I was pondering the distinction between competition and determination during the 16 mile bike ride of a triathlon I participated in this weekend. As a strong swimmer, I started off the bike at the front of the pack. As I cycled merrily along, several guys passed me and I just smiled and waved. Proving that I’m not competitive! But then a female came up on me and I thought, “I can do that”, and kicked my effort up a notch. Was I competitive after all? I don’t think so. Several other females passed me that I felt no desire to keep pace with—they were too crazy fast. It wasn’t about beating the girl; it was about finding someone who realistically challenged me.

You can argue this distinction with me later—but for now go along with me to see how this applies to “real life”. 

I do a lot of reading, particularly in the mental health field. I’ve found a lot of good resources out there, but one particular author, Therese Borchard, inspired me and my decision to write. We have a lot in common—she’s a Christian, struggles with bipolar disorder, and a wonderful plethora of other delightful challenges. When you read her writing, you feel like you are being allowed the privilege of taking a journey with a friend. In her book and blog, she strikes a balance between being entertaining, hopeful, and inspiring, but at the same time being realistic, vulnerable, and honest about the messy parts of mental illness.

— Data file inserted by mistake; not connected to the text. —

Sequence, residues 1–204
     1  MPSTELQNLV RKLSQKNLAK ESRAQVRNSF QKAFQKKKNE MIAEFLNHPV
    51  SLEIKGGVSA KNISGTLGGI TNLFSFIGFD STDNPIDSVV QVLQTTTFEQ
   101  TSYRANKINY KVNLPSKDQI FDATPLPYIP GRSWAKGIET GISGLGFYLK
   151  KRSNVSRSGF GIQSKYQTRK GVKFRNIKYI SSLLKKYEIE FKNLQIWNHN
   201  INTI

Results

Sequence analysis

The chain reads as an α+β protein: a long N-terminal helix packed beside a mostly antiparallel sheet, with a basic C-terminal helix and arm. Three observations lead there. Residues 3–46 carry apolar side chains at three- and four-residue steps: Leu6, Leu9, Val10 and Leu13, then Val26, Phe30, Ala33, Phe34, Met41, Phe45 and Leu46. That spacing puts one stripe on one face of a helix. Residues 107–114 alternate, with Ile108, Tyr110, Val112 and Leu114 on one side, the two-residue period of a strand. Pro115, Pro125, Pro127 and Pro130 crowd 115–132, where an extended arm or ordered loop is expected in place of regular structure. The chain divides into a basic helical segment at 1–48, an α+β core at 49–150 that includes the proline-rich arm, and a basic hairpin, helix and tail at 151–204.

While reading her book, “Beyond Blue” gave me a lot of great advice for dealing with my own illness, its most lasting impact was making me go “I can do that!”. I can use writing and my personal story to raise awareness for mental illness.

My husband likes to read biographies about famous business and historical figures such as Warren Buffett and Steve Jobs. He says that he learns a lot from them and they “inspire” him to be better. Frankly, all I learn is that you can accomplish a heck of a lot if you can survive on less than five hours of sleep a night. 

I don’t have that ability. To keep my mood stable I need to sleep at least 7.5 – 8.5 hours of sleep a night. A lot of my time is dedicated to other necessary things such as therapy, doctors’ appointments, yoga, thought correction, etc.—I mean even taking all my meds in the morning runs close to a half hour. I can’t even imagine imitating these “successful” people. But Therese’s book was refreshing. Here was someone I respected who had similar limitations and brain functions as me. Finally someone who made me realistically say, “I can do that!”